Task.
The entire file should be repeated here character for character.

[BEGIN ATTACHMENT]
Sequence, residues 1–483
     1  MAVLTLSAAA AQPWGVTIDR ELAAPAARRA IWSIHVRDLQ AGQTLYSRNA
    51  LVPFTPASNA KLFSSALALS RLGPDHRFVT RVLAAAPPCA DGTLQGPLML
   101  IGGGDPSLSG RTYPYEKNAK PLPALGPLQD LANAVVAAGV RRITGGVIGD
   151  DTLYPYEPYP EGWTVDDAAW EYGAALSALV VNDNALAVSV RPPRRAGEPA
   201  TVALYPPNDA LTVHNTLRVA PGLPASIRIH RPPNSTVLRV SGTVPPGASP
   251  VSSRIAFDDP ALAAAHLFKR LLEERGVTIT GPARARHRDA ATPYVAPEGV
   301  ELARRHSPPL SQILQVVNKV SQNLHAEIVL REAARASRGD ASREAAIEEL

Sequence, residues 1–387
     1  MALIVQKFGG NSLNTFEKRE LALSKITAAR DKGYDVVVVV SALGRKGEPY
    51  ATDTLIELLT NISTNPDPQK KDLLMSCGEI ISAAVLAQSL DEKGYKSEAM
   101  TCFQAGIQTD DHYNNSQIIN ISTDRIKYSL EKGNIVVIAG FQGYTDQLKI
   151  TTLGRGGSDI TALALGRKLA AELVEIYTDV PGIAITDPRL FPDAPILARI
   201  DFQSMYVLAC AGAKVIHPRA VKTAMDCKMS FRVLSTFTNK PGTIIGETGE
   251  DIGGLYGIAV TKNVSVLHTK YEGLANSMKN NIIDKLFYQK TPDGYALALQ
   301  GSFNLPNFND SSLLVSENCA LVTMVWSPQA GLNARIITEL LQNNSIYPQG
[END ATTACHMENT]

Sequence, residues 1–483
     1  MAVLTLSAAA AQPWGVTIDR ELAAPAARRA IWSIHVRDLQ AGQTLYSRNA
    51  LVPFTPASNA KLFSSALALS RLGPDHRFVT RVLAAAPPCA DGTLQGPLML
   101  IGGGDPSLSG RTYPYEKNAK PLPALGPLQD LANAVVAAGV RRITGGVIGD
   151  DTLYPYEPYP EGWTVDDAAW EYGAALSALV VNDNALAVSV RPPRRAGEPA
   201  TVALYPPNDA LTVHNTLRVA PGLPASIRIH RPPNSTVLRV SGTVPPGASP
   251  VSSRIAFDDP ALAAAHLFKR LLEERGVTIT GPARARHRDA ATPYVAPEGV
   301  ELARRHSPPL SQILQVVNKV SQNLHAEIVL REAARASRGD ASREAAIEEL

Sequence, residues 1–387
     1  MALIVQKFGG NSLNTFEKRE LALSKITAAR DKGYDVVVVV SALGRKGEPY
    51  ATDTLIELLT NISTNPDPQK KDLLMSCGEI ISAAVLAQSL DEKGYKSEAM
   101  TCFQAGIQTD DHYNNSQIIN ISTDRIKYSL EKGNIVVIAG FQGYTDQLKI
   151  TTLGRGGSDI TALALGRKLA AELVEIYTDV PGIAITDPRL FPDAPILARI
   201  DFQSMYVLAC AGAKVIHPRA VKTAMDCKMS FRVLSTFTNK PGTIIGETGE
   251  DIGGLYGIAV TKNVSVLHTK YEGLANSMKN NIIDKLFYQK TPDGYALALQ
   301  GSFNLPNFND SSLLVSENCA LVTMVWSPQA GLNARIITEL LQNNSIYPQG